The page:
Due to the last part of the reflection being more generalized, personalized and too vague, I will actually cover some more informative information in general thoughts on several aspects in the blog that I missed or lacked in details and provide thoughts on the subject matter as well as providing thoughts on how to rectify them in the future.
So, during testing, I attempted to formulate a basic plan. Simply test the game manually on my own without outside assistance. This presents a few glaring problems.
- Only my feedback is taken into account, so there is not a lot of information that I can gather from what I can do alone.
- Some issues with how I tested are very concerning. Most of the playtests are based on the limited range that I can do. I can’t test them on phone often because of the time taken to create a build is more time consuming and follows to the third problem below.
- A lot of times, issues and bugs regarding the lags and the game physics prevent the game from being tested to its fullest potential, leading to a lot of time taken off just to simply bounce the ball back.
These issues happened because the fact that I do not have proper outside sources to test them for me and I do not want to give outsiders a broken game without doing proper checks on it, which may be a mistake as well. So the gist of it is that I do have a plan, only that it was executed very roughly, with mixed to negative results.
My response to these issues are not something that you should do and hopefully something that I can rectify in the future. The fact that I only relied on my feedback along and did not communicate this to other people who may have the resource and opportunity was something that I was missing out.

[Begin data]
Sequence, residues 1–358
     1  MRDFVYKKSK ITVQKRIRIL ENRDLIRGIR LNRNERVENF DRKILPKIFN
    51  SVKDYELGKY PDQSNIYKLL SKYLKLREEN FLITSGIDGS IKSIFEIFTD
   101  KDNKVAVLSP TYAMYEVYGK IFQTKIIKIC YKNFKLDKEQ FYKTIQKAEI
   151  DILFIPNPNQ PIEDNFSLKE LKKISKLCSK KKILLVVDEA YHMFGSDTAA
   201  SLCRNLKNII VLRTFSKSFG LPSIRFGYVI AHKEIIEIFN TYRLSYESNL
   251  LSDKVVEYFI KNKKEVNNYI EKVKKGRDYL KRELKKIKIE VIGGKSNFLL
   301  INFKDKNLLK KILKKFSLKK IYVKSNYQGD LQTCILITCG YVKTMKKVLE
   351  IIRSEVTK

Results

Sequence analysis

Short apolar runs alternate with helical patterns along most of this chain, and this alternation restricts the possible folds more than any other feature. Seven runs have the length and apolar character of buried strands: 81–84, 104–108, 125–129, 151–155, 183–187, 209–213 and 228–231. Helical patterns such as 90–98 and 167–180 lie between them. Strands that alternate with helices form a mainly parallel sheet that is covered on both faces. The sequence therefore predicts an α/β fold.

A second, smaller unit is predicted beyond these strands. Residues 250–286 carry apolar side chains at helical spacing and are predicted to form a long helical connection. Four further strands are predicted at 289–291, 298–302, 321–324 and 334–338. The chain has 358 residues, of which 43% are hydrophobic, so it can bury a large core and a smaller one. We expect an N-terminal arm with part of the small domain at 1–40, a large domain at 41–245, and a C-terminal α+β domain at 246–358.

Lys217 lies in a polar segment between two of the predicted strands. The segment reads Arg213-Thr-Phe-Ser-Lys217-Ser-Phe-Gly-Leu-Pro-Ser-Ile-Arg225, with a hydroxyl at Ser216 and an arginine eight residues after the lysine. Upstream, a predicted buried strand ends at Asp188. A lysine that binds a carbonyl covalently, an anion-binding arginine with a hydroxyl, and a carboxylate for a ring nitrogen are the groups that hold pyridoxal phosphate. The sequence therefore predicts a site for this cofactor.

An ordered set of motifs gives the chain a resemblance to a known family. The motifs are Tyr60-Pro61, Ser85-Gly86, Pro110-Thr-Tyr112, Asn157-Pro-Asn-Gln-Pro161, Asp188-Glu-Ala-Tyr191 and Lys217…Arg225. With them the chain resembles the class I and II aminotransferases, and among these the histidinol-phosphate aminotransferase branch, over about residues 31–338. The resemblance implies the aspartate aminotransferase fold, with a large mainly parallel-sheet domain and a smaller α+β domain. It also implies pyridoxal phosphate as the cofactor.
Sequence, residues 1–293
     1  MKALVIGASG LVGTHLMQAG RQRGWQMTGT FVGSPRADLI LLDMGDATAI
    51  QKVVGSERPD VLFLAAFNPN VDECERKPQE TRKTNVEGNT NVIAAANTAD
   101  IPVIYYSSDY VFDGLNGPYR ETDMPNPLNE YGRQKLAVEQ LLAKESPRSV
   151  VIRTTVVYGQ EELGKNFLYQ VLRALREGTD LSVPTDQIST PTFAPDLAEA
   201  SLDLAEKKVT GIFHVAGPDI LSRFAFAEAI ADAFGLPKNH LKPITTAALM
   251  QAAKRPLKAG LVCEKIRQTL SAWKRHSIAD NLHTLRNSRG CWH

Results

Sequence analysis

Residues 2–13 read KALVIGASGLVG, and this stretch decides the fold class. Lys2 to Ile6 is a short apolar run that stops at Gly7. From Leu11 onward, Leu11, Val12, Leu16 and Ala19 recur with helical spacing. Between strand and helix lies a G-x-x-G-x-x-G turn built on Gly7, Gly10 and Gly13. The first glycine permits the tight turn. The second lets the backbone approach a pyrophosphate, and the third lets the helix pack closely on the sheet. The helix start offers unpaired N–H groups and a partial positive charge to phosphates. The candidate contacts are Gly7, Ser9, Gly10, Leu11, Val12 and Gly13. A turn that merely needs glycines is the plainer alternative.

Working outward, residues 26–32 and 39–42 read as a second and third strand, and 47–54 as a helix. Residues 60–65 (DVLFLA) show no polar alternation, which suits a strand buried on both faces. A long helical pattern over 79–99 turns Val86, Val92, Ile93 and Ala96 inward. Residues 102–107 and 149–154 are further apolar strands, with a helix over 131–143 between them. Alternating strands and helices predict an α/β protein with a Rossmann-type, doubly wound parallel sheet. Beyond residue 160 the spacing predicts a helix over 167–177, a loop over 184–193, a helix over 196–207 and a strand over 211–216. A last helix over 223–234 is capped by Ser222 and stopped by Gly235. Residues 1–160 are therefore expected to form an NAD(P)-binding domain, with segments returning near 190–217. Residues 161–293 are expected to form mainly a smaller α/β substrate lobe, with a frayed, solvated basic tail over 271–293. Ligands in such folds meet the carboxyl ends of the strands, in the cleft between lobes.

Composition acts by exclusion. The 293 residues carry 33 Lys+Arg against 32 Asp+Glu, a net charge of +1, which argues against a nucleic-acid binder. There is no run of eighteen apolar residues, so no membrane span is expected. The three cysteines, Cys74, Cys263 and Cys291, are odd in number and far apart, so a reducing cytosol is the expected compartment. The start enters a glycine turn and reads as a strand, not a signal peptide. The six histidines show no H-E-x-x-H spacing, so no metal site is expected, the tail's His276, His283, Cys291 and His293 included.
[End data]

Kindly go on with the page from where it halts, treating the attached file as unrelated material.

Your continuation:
I ended up not taking the initiative of asking for feedback or ask for more testing resources, even though I tried to at some level.
The basic idea is to ensure that initiative is taken so that I would have more idea on what to change and helpfully get the game to be designed better. Though the bug issues can’t be fixed because of management of tasks and delegation. Designers were focused on design and programmers were focused on programming and that’s a natural thing. But because the programmers have issues figuring out the physics of the game and the camera control, it ended up being a big mess of time chunked out where we couldn’t do anything because we were not allowed to touch the code. If anything can be done to rectify this, it’s either to find alternatives or cut several elements that have the problem in the first place as a last resort, but we ended up not doing that, which may have been a mistake.
So gist of it is, don’t do any of those things or if it does happen again, remove that feature to the extent that it doesn’t affect the gameplay. Adapting and rectifying these issues can only be done if it happens midway through production, so this is integral in getting myself and possibly designers to hopefully find a way around this issue.
So the key thing that comes up in project management is that I covered some parts of the basic issues that we come up in this part of the blog. But the big conundrum that comes up is that there are a lot of things that went wrong here.
- There is no proper schedule. The best schedule we have is a google sheets chart that is not even regularly updated, something that we lack the drive to check and re-do, which seems more an excuse than a lack of actual effort or result. Simply put, doing this isn’t exactly the most fun job to do and personally seems like it ends up having a result that may not necessarily seem useful to the naked eye. But that mindset is an awful representation of how project management is seen and I knew it.